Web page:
If you are interested in making a 16-way joystick using an analog stick, please let me know and I can give you some pointers.

I have a SEGA, Japanese candy cabinet, analog arcade stick, that I got when I was working on building a few 5200 controllers a while back.  But once I realized how very few 5200 games actually require, and are properly played with, an analog joystick...I decided not to use it, and just went digital.  Like you said...they're not very economical...as I think I paid about $75 for the one that I got...plus they're not currently made, so finding one isn't always easy.  I don't think I'd be interested in using it for a 16-way joystick for the Intellivision...but I can understand how it would be a good starting point.  

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11 hours ago, doubledown said:

Quite simply, wire as following:

 

Keypad 1 - 4/5 & 6/5

Keypad 2 - 4/5 & 7/5

Keypad 3 - 4/5 & 8/5

Keypad 4 - 3/5 & 6/5

Keypad 5 - 3/5 & 7/5

Keypad 6 - 3/5 & 8/5

Keypad 7 - 2/5 & 6/5

Keypad 8 - 2/5 & 7/5

Keypad 9 - 2/5 & 8/5

Keypad Clear - 1/5 & 6/5

Keypad 0 - 1/5 & 7/5

Keypad Enter - 1/5 & 8/5

 

Button 1 - Upper (both sides) - 6/5 & 8/5

Button 2 - Lower (left side) - 7/5 & 8/5

Button 3 - Lower (right side) - 6/5 & 7/5

 

Joystick Up - 2/5

Joystick Right - 3/5

Joystick Down - 4/5

Joystick Left - 1/5

 

...then add a secondary set of (4) micro-switches, only hit far into the diagonals, so that

 

Joystick Up/Right - 2/5 & 3/5 (from the factory Up and Right micro-switches), plus additionally 9/5 from the added Up/Right micro-switch

Joystick Down/Right - 4/5 & 3/5 (from the factory Down and Right micro-switches), plus additionally 9/5 from the added Up/Right micro-switch

Joystick Down/Left - 4/5 & 1/5 (from the factory Down and Left micro-switches), plus additionally 9/5 from the added Up/Right micro-switch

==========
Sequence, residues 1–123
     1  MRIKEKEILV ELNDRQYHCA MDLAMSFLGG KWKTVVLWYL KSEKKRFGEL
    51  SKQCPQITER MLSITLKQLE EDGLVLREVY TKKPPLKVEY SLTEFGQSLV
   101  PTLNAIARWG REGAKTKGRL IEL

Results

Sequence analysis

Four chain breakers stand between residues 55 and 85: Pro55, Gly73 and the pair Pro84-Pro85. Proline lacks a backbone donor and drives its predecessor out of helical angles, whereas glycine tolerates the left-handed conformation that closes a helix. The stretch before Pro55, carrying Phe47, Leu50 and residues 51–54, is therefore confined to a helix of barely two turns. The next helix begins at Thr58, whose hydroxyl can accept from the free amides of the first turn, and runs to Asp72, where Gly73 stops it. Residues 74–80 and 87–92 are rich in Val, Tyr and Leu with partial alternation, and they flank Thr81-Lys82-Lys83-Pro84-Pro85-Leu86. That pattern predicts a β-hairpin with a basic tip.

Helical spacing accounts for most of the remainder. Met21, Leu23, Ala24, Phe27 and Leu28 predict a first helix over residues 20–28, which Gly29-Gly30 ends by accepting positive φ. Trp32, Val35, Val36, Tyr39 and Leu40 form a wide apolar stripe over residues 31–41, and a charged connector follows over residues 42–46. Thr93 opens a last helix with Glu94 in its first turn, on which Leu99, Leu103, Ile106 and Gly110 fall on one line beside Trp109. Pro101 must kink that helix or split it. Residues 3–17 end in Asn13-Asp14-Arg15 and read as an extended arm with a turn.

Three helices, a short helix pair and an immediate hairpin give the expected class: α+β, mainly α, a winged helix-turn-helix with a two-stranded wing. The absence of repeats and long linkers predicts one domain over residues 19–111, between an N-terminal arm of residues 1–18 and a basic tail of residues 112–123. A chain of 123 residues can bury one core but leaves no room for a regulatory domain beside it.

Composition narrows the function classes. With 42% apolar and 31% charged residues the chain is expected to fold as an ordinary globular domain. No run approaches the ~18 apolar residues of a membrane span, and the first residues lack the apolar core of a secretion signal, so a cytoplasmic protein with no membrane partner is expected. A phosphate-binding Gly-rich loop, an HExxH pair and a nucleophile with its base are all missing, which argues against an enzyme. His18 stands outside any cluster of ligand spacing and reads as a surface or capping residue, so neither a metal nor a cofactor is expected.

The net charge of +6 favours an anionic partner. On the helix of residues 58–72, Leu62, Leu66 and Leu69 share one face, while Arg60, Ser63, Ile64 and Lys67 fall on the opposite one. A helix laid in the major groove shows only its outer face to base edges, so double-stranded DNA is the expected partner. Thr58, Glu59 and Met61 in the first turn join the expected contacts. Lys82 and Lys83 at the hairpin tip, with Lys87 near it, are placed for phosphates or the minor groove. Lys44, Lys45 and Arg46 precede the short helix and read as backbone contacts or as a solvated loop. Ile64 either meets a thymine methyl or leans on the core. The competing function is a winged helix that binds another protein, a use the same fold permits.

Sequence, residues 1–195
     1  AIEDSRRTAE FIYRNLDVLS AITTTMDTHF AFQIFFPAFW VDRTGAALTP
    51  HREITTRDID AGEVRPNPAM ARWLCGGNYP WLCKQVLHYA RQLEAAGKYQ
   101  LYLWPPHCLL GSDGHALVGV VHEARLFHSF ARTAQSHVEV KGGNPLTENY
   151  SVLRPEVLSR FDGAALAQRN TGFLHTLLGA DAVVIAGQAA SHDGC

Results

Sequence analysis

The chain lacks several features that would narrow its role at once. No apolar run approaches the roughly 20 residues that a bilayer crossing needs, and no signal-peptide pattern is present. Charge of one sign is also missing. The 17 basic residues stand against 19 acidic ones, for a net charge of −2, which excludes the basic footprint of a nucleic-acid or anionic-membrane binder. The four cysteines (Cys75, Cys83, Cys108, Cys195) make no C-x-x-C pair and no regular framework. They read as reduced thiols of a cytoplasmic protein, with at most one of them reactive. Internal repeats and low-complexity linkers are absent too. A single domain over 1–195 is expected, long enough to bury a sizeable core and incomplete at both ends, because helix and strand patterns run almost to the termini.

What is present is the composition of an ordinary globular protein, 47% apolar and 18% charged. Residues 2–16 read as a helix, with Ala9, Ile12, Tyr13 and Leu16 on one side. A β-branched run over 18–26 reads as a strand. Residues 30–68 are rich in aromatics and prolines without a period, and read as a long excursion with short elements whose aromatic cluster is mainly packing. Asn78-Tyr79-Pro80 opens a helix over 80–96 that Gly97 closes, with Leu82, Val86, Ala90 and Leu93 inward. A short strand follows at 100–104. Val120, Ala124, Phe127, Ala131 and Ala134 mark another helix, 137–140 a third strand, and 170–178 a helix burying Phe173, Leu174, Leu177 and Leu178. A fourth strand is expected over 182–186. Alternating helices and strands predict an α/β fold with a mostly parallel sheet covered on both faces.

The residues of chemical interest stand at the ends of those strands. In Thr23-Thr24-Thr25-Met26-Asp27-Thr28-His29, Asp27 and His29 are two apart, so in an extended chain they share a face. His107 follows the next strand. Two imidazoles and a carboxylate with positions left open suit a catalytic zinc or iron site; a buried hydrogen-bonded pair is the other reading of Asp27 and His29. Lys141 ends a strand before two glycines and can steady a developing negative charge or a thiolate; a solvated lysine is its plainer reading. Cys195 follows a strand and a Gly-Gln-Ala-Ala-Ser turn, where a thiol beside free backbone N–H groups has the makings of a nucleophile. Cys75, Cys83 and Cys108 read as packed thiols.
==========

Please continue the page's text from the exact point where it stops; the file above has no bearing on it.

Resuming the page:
Joystick Up/Left - 2/5 & 1/5 (from the factory Up and Left micro-switches), plus additionally 9/5 from the added Up/Right micro-switch

 

It works here, and achieves the "pure diagonal angles": of 45, 135, 225 & 315 degrees, tested with Tennis:

 

yAYIF5.jpg

 

When removing the "added" (4) micro-switches (or simply not installing them), then the diagonal angles achieved are 67.5, 157.5, 247.5, & 337.5 degrees.  

 

And @wongojack the "stock" photo from my website was simply posted as an example of what such an Intellivision controller built by me would look like...i.e. housing style, control layout, and the likes.  

I like this picture much better :)

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Not sure how you plan to do the double-pole button but if it involves two switches I would wire it as follows and ensure the switch with the ground pin 5 is connected last.

 

Button 1 - Upper (both sides) - 6/8 & 6/5

Edited by mr_me

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20 minutes ago, mr_me said:

Not sure how you plan to do the double-pole button but if it involves two switches I would wire it as follows and ensure the switch with the ground pin 5 is connected last.

 

Button 1 - Upper (both sides) - 6/8 & 6/5

For the "side" buttons, I can see any 1 of 3 possibilities...depending on the hardware used: